Another part of the life cycle costs that go against the SSJ-100 is residual value, and here UAC (United Aircraft Corporation) of Russia is offering residual value guarantees (RVG) on new jets, which will allow for the lowering of the lease rates. The RVG will kick in when a jet’s market value at the time of selling the aircraft is lower than the estimated one (roughly 60%), the difference will be compensated by the fund, as currently banks and lessors cannot calculate the residual value of a SSJ.
Presently AVN (Aircraft Value News) estimates the following on the SSJ, a E- rating is the worst one can get, as RV is just impossible to calculate:
2011 model, mid value $18.9 m, low value $15.1 m, high value $20.8 m, 2024 value of $10.3 m.
2013 model, mid value of $20.8 m,low value $16.7 m, high value $22.9 m, 2024 value of $11.7 m.
This export financing helps as does the RVG, BUT this is something that may end if the western countries move on the next round of sanctions against Russia, the ceasefire is holding in Ukraine for now.
On operating costs, I have what it costs per flight hour and per cycle for the main regional aircraft, CRJ-700/900’s and the E175/190/195’s, but little on the SSJ, other than fuel burn of 1,605 kg (543 USG) per hour or 2,284 Kg (748 USG) on a 500 nm sector, well I have the fuel burn numbers for the competitors:
- CRJ-900, 88 seat (CF34-8CB1) = 2,100 Kg (8% less fuel burn than SSJ).
- E-175, 76 seat (CF34-8E) = 2,016 Kg (11% less fuel burn than SSJ) with IP.
- E175-E2, 80 seat (PW1700G) = 1,875 (18% less fuel burn than SSJ).
- E190, 97 seat (CF34-10E) = 2,656 Kg (16% more fuel burn than SSJ) with IP.
- E190-E2, 97-106 seat (PW 1900G) = 2,231 Kg (2% less fuel than SSJ)
The SSJ does burn a bit more than current regional airliners and with the new PW1000G’s the SSJ will be at a major disadvantage, especially on a fuel burn per seat basis. Maintenance costs on the GE CF34’s is surely lower, it is a mature engine with millions of hours on it, versus the old generation Snecma SaM146 which is based on the CFM56 engine which is used by the classic B737’s which are all being replaced by the new PW1000G and GE Leap engines which are both advertising 10-12% fuel efficiencies versus existing engines and lower operating costs.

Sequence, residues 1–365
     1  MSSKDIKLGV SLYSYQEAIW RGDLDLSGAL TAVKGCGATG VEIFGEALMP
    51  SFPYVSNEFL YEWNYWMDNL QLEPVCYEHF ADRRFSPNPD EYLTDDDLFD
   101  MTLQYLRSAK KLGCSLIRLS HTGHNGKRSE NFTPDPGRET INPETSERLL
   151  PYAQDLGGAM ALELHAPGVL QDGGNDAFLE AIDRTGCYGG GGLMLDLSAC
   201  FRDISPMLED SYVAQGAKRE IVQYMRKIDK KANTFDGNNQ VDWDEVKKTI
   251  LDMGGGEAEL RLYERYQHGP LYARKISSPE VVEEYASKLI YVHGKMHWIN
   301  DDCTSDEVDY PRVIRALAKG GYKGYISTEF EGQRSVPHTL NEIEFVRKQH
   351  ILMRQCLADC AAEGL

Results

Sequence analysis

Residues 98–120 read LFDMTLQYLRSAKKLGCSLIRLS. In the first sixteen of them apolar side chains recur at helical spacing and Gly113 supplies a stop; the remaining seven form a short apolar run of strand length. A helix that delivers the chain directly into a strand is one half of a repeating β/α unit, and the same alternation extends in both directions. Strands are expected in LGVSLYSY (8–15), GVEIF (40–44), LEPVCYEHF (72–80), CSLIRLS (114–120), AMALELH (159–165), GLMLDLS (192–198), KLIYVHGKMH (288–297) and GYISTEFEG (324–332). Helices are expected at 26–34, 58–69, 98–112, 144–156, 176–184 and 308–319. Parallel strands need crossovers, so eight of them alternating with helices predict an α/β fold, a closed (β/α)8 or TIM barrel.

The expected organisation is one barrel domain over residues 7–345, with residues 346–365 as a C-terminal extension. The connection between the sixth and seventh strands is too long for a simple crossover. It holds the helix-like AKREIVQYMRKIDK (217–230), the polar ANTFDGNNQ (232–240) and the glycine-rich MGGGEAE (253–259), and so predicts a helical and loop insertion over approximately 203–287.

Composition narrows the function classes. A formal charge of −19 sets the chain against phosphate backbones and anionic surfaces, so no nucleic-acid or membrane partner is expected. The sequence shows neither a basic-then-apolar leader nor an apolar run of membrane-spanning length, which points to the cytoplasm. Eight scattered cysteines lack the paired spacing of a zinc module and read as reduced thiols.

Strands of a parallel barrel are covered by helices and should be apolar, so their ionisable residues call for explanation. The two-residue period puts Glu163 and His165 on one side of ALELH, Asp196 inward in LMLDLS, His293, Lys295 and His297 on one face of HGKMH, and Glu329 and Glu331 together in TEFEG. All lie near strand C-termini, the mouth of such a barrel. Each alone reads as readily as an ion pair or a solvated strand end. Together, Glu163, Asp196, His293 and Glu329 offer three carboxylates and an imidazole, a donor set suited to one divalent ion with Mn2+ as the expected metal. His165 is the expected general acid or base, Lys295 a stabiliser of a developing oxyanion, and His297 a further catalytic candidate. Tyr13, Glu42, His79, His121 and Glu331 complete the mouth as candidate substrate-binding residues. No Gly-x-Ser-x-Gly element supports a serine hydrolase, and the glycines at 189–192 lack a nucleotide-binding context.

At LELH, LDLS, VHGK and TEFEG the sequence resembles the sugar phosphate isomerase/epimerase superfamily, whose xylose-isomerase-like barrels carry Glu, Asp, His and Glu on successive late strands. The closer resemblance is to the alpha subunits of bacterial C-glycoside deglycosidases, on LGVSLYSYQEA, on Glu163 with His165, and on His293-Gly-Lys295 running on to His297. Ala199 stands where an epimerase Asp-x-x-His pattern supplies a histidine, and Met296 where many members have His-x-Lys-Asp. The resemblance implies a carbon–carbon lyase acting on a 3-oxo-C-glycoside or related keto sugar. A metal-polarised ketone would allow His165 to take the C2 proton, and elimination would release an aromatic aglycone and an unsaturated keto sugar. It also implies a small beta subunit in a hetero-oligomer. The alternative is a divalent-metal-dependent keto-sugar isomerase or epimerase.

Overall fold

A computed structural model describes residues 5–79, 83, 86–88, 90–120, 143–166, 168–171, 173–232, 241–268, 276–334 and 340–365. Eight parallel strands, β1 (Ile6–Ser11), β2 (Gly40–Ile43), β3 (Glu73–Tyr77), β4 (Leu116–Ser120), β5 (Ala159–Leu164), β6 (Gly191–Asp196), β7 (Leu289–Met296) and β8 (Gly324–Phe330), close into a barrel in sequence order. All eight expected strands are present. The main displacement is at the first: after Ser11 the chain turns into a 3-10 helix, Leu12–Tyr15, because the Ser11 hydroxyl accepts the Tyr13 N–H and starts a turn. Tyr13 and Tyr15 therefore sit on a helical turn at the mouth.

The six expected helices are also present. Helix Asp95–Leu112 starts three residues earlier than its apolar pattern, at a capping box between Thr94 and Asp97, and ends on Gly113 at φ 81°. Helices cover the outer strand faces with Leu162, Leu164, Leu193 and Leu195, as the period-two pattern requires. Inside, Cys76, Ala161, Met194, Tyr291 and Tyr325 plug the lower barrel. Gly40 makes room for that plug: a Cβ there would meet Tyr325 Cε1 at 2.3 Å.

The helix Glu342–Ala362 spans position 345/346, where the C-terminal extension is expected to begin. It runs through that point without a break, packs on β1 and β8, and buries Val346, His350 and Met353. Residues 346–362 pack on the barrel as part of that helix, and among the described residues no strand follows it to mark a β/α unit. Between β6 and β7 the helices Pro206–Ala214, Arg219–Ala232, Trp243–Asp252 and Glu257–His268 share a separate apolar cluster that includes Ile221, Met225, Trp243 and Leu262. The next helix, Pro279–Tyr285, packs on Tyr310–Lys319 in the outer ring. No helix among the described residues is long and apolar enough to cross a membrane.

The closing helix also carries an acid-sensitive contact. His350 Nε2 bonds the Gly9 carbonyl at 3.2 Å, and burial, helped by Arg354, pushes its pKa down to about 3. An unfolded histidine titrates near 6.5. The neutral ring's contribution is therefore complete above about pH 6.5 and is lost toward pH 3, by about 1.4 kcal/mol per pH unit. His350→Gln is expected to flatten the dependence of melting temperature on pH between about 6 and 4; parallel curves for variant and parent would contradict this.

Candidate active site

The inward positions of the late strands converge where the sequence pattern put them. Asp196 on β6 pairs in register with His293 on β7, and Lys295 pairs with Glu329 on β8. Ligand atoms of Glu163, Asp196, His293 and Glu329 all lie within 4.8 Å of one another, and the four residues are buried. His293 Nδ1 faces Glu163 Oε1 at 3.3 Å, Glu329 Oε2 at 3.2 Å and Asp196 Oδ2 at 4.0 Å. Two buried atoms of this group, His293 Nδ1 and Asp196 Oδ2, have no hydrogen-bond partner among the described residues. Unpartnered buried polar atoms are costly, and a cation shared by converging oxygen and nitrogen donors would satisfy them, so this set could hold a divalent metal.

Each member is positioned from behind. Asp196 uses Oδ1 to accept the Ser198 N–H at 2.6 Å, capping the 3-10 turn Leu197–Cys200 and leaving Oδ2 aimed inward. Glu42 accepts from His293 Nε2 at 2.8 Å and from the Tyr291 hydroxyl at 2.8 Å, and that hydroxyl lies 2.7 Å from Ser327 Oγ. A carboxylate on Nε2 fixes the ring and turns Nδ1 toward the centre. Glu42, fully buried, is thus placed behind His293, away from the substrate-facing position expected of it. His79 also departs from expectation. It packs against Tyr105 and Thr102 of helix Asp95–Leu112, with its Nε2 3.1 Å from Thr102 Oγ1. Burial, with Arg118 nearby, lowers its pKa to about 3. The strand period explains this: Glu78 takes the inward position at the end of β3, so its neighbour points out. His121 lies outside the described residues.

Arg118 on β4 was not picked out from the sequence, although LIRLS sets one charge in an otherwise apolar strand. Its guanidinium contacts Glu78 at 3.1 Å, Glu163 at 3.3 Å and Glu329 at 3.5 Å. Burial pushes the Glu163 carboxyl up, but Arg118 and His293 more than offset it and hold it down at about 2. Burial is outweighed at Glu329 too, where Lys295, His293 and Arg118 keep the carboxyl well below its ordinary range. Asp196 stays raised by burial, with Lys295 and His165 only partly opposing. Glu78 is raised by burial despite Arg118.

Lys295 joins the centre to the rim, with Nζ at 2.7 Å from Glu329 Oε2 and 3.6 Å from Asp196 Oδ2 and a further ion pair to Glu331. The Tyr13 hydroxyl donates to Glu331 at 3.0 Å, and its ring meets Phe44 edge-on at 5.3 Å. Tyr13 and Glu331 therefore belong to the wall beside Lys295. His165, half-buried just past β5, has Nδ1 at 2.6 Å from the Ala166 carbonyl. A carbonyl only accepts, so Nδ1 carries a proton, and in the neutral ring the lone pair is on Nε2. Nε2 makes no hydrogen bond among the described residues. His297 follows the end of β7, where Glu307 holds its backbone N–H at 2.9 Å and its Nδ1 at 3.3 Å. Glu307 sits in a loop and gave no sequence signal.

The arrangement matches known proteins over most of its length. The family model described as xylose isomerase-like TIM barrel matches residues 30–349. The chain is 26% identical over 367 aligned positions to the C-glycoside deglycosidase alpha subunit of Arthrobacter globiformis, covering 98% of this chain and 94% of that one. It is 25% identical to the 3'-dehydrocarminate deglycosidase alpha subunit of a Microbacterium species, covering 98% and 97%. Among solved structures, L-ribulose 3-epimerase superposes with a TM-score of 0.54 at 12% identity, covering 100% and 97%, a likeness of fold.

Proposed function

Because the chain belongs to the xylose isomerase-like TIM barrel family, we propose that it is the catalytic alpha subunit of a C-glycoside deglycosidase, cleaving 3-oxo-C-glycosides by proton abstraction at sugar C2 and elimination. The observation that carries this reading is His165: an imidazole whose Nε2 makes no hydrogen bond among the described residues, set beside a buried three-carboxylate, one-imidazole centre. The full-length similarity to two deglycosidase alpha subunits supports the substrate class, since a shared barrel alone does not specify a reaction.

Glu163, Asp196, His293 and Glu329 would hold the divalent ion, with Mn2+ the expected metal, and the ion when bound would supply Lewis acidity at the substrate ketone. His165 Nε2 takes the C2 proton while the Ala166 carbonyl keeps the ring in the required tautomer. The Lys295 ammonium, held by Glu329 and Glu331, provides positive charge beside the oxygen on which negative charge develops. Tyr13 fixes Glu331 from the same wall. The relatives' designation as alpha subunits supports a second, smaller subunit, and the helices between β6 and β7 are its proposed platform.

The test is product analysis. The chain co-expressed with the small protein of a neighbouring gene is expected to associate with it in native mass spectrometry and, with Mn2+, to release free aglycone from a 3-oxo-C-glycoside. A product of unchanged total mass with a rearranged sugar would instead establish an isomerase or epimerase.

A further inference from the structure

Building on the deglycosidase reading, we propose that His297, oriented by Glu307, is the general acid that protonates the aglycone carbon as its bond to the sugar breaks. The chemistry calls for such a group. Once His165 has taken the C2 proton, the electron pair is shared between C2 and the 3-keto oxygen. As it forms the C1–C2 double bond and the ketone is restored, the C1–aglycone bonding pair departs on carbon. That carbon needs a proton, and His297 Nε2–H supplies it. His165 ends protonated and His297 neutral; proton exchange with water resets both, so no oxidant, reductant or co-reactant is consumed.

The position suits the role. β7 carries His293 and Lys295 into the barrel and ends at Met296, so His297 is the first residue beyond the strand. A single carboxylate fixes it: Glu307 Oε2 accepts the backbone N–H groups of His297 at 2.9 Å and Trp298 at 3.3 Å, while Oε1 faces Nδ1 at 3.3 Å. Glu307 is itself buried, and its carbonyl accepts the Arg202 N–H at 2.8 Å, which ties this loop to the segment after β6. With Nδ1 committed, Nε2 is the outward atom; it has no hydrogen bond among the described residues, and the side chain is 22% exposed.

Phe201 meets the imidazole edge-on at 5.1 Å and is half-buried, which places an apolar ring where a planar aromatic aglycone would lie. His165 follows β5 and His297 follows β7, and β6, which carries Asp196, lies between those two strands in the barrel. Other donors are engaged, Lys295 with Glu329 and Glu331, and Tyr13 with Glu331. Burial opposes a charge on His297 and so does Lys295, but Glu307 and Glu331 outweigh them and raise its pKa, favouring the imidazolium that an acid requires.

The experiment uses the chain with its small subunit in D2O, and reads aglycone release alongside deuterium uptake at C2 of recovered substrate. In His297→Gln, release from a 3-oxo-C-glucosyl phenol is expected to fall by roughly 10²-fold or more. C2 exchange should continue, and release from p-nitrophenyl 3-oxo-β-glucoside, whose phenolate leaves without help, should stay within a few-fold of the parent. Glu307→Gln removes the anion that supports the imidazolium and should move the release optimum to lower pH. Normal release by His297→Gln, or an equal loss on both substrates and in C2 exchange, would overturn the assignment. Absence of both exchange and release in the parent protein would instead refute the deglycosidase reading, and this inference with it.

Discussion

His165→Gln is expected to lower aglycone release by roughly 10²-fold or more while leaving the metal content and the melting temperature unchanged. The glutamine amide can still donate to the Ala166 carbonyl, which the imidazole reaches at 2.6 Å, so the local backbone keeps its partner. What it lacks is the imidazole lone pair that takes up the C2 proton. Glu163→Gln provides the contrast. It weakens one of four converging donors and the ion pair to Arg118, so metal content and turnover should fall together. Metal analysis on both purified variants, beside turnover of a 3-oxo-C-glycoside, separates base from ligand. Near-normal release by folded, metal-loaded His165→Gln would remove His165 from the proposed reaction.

So with lower fuel burn and lower maintenance costs, the SSJ is surely more expensive per seat to operate than current Embraer and Bombardier products.
As for reliability, well Russian airliners were never built for high utilization rates, which today is a must for any new and expensive jet airliner. While Interjet and Sukhoi talk of 99% reliability, my investigation shows that this may not be the case. Most of the aircraft are in Russia where data is hard to find, but I have been able to SSJ-100 commercial service statistics by May 1, 2014 and it is not pretty for the trained airline analyst, this is NOT information Sukhoi should have released, its raises major red flags about the reliability and productivity of the SSJ :
- Interjet (MEXICO), 6 aircraft, 4,616 flights, 5,089 flight hours, monthly utilization per aircraft of 166 flight hours, flights per day of 5.1 and average flight 1.1 flight hours.
- Aeroflot (RUSSIA), 10 aircraft, 19,859 flights, 29,897 flight hours, monthly utilization per aircraft of 113 flight hours, flights per day of 2.5 and average flight 1.5 flight hours.
- Armavia (ARMENIA), 1 aircraft, 956 flights, 2,384 flight hours, monthly utilization per aircraft of 122 flight hours, flights per day of 1.7 and average flight 2.4 flight hours. BANKRUPT
- Yakutia (RUSSIA), 2 aircraft, 1,456 flights, 3,693 flight hours, monthly utilization per aircraft of 120 flight hours, flights per day of 1.6 and average flight 2.5 flight hours.
- Moskovia (RUSSIA), 2 aircraft, 513 flights, 1,258 flight hours, monthly utilization per aircraft of 93 flight hours, flights per day of 1.6 and average flight 2.3 flight hours. BANKRUPT